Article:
The Warsaw Orphan by Kelly Rimmer (Review by Missi Gwartney)

3 min read

4.7 stars

With the vast number of WWII themed books available at our fingertips, it is sometimes hard to find one that may be “different” from something we have read before.  This is especially true for me since this genre is my absolute favorite and I cannot seem to read enough about this particular time in history.

However, when I came across Kelly Rimmer’s new release, The Warsaw Orphan, I knew I was in for a treat from the very first page.  Rimmer not only chooses Poland for the setting of this story but also allows the reader to view the war through the eyes of two young adults/teenagers.  These two components (which are different from my usual WWII reads) combined with Rimmer’s fantastic storytelling ability make this book easy for any reader to get lost in. Relatable characters intertwined with themes of hurt and hope, loss and love along with anger and forgiveness gives the reader another avenue to witness the cruelty and almost impossible survival that we all know too well for this time period.

Roman Gorka’s family now calls the ghetto region in Warsaw home.  While he struggles to adapt to this new way of life he is driven by a deep love for his family and country.  When he seems to lose the last of his hope, the anger is too much, and he knows there is more fight left in him.  However, will his desire for justice and his reckless behavior allow him to survive and fight for more or will the darkest part of him control what happens next?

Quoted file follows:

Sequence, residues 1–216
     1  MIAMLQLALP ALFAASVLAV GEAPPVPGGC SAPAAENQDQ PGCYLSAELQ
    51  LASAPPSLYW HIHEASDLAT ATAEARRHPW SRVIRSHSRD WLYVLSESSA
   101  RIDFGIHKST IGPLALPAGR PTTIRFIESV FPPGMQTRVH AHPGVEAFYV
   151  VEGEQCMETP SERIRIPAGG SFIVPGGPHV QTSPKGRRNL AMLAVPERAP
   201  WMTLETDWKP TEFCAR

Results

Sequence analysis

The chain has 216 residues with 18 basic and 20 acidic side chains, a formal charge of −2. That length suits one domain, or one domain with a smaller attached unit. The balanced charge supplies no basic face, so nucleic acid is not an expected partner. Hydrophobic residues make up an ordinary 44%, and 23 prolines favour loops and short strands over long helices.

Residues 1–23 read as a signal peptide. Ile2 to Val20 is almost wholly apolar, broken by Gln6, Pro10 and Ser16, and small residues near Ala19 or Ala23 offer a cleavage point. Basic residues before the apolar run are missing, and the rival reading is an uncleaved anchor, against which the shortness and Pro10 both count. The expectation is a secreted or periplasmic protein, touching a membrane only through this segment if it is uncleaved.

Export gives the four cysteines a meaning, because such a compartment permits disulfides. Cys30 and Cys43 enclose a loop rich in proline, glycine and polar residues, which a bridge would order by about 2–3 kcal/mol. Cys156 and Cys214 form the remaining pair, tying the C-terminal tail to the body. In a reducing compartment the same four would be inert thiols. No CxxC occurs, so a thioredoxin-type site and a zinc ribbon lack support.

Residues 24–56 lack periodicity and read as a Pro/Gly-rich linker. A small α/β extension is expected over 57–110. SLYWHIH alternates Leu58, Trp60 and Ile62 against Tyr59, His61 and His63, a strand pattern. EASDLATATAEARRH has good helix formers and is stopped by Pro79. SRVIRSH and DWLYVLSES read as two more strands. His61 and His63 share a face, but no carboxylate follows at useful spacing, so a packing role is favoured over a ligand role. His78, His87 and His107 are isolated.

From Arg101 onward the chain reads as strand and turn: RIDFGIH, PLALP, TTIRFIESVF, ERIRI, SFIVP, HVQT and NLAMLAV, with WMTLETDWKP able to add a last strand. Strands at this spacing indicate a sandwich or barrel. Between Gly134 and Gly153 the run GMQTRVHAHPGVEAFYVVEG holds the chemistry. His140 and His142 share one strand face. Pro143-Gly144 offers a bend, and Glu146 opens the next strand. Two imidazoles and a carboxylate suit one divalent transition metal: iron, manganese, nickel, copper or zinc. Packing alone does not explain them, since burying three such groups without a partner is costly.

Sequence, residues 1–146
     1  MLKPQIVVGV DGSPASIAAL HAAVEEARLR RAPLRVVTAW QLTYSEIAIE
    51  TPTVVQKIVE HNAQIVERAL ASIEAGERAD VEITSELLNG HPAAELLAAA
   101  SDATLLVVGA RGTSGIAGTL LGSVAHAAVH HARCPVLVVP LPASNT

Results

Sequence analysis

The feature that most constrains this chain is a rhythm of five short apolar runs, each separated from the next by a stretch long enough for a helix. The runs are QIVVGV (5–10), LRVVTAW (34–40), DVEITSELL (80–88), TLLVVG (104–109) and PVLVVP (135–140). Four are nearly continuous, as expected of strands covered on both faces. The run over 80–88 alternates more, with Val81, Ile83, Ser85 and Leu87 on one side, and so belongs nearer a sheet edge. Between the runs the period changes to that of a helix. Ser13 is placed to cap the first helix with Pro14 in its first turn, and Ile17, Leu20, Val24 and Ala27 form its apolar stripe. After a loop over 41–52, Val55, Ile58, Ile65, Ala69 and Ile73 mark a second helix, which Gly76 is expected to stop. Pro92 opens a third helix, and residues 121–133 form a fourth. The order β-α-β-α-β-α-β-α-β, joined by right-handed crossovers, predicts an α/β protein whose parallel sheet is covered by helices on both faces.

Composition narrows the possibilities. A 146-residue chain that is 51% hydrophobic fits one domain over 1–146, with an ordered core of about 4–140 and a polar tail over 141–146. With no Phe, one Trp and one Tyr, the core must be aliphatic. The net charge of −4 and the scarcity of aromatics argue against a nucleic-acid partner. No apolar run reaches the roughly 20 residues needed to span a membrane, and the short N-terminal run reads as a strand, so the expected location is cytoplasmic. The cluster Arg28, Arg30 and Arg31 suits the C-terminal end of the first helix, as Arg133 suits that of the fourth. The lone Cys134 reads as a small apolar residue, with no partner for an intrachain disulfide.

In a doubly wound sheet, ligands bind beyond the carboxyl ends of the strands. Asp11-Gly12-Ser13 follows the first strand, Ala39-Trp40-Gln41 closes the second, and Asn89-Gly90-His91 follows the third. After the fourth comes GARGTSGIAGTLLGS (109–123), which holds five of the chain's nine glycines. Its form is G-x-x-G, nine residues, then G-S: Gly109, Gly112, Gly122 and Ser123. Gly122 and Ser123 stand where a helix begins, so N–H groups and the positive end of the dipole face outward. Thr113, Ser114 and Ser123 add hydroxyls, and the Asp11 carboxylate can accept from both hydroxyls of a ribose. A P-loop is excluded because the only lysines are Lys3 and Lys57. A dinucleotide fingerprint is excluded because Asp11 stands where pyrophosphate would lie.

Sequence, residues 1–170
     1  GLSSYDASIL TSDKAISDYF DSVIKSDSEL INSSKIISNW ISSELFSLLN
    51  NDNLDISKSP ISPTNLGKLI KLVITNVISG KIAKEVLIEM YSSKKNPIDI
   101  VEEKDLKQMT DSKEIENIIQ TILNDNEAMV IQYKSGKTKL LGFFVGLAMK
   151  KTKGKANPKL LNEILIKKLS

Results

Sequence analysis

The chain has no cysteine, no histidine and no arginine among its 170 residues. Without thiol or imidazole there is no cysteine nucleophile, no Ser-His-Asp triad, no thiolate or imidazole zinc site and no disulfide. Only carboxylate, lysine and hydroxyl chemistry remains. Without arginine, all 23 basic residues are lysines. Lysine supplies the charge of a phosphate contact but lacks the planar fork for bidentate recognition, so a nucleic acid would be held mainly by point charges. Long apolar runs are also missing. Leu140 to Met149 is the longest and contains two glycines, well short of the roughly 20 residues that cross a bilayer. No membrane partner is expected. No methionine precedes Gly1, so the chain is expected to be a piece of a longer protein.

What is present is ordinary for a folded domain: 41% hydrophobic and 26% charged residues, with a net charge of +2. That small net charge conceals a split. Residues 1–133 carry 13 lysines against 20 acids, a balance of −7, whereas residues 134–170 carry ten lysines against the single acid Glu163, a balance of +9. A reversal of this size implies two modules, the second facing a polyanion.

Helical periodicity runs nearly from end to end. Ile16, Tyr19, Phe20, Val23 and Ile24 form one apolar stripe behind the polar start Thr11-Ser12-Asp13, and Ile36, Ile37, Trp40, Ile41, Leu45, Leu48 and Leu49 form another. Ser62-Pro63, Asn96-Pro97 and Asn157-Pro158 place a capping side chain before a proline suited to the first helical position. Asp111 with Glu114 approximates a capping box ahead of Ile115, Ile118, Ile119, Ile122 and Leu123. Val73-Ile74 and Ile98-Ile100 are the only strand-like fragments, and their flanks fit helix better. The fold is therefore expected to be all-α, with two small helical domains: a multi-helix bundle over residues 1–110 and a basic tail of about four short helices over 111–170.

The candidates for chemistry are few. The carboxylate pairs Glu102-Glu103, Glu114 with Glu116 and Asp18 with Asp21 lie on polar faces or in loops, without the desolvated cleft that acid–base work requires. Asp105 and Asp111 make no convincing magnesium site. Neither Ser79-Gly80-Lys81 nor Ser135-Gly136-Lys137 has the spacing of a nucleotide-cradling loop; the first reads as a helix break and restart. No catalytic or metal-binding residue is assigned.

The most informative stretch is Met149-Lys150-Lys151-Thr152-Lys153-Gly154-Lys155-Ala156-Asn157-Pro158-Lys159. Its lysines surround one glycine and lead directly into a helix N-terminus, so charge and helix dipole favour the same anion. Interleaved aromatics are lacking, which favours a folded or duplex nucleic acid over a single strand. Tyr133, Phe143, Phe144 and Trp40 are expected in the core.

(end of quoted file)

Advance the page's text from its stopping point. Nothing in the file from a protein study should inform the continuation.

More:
Elzbieta, also called Emilia, is no stranger to the devastation and loss that this war has created.  With her parents trying to keep her “protected”, she longs for something more and to be a part of something bigger. Coming face-to-face with the realities of war, she dives into the world of secrecy and bravery that will change her forever.  But with this change, Elzbieta has no idea how much risk is involved and what this means for her future.

When Roman and Elzbieta’s paths cross in the ghetto, they seem to be from two entirely different worlds even in the midst of the same war.  Making the most unlikely team, they will learn to depend on and trust each other if they are going to make it through.  However, with Roman’s dangerous actions and Elzbieta’s family at risk the decision to part ways comes at great cost and neither can predict what the future has in store for them. Will Roman and Elzbieta survive not only the war but each other or will it simply be too much to overcome?

I have been a huge fan of Kelly Rimmer since I read All the Things We Cannot Say a few years ago and this book did not disappoint. Rimmer has an incredible talent of drawing the reader in and making the story so real that you feel you are living it right along with the characters.  Character development in this story is second to none and I loved the growth and maturity shown through both Elzbieta and Roman as the story moves forward.  While I know that the end result of this time period was so horrific for so many (and Rimmer does not negate that), I couldn’t help but also find hope and relive the courage of so many as well while reading this book. Would I have been able to be as strong?  Would I find the hope and strength needed for survival?

I would absolutely recommend this book to historical fiction fans but also to anyone who enjoys a refreshing tale of the power of hope, love, and survival during one of the darkest times in history.

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